If you've been following the General's series on the liberal hawk manifesto "Progressive Internationalism" then you know what the Kerry plan is and how the General feels about it. Kerry staked no new ground in Seattle but merely continued to agree with Bush strategy, critique Bush tactics, and claim that somehow someway a Kerry presidency can "launch and lead a new era of alliances for the post 9-11 world".

Kerry is giving two more big national security speeches, one in West Palm Beach, FL on June 1, and a second in Independence, MO on June 3. We wait for something new until then.

This just shows you how much of a plutocracy the United States really is.
Treasury Secretary John W. Snow, who has helped lead Bush administration efforts to tighten regulation of Fannie Mae and Freddie Mac, unwittingly held more than $10 million worth of securities of those and other government-sponsored housing finance companies until recently, a Treasury spokesman said last night.

Snow's bond holdings were discovered by the Treasury Department this month during preparation of his annual financial disclosure form, and Snow quickly sold them for about $10.4 million, taking a loss of $477,467, said spokesman Rob Nichols.

Snow had orally instructed a financial adviser to invest the money in Treasury securities, but "because of a misunderstanding or miscommunication," Nichols said, the money was instead invested in bonds of Fannie, Freddie and the Federal Home Loan Banks. The secretary's "clear intent was somehow lost in translation."

The holdings were listed on periodic brokerage statements that Snow received but did not read, Nichols said. "Probably four or five were sent to his home and he simply did not look at them," he said.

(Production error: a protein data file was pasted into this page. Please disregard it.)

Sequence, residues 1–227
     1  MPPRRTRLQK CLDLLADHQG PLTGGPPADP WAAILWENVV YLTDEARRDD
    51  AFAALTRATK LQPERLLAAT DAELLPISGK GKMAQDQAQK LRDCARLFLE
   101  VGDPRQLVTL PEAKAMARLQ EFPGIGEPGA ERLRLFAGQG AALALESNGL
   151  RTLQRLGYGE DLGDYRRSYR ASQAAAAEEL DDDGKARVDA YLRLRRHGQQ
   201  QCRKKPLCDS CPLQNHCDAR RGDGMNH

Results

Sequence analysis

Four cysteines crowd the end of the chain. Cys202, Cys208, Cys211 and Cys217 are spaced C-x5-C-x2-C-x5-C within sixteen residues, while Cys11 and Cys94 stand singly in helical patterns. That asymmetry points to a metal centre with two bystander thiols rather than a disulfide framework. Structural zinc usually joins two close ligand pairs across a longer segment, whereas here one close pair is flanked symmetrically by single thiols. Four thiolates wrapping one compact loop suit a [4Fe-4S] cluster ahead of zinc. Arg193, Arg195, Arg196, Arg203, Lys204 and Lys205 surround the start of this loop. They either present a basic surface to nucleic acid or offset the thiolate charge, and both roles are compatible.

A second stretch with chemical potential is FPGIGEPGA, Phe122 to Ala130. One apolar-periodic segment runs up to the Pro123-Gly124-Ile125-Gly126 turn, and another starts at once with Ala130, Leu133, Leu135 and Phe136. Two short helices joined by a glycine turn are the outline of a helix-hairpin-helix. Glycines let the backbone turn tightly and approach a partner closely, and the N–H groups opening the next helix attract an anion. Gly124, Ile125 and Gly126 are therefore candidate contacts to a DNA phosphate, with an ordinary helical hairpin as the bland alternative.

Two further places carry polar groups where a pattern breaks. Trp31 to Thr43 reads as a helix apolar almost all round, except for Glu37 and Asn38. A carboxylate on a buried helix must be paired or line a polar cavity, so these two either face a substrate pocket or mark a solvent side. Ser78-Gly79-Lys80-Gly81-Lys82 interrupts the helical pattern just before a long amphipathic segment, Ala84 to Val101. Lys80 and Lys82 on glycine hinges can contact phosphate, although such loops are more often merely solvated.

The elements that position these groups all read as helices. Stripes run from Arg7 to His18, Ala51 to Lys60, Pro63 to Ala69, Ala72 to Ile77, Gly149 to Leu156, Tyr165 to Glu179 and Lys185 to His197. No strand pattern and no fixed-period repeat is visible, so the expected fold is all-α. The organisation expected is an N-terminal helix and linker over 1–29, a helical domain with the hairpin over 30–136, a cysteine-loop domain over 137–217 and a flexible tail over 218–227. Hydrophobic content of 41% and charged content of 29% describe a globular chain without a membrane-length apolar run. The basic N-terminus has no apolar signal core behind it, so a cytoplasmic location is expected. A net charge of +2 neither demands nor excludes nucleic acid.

Snow is so amazingly rich that he had a $10 million investment position that he was not only totally unaware of but also totally unintereted in! Man, when $10 million is pocket change, no wonder the guy is completely unperturbed by a $500bn budget deficit.

More evidence is in on how Greenspan is nothing more than a Republican shill.

Since the 1950s, when the Fed's independence was firmly established, its chairmen have generally taken pains to maintain their distance from the executive branch. The Fed's ability to conduct monetary policy without regard to political fallout is thought to be key to its credibility in financial markets.

Greenspan has always maintained public contact with administration officials. But the Fed was seen as so independent early in his 17-year tenure as chairman that some in the first Bush White House blamed him for contributing to their 1992 election loss to Bill Clinton. . . .

Greenspan's frequent contacts with the Bush administration do raise questions for Kenneth H. Thomas, a lecturer in finance at the Wharton School at the University of Pennsylvania. "There's the appearance that [Greenspan] might not just be affected by economic winds, but possibly by political winds," said Thomas, who obtained records of Greenspan's appointments back to 1996 through the Freedom of Information Act, and who published his findings in an article in the American Banker last month. . . .

Greenspan's meetings do mark "a huge and historic shift," said Donald Kettl, a professor of political science at the University of Wisconsin at Madison and author of a book about political influence on the Fed.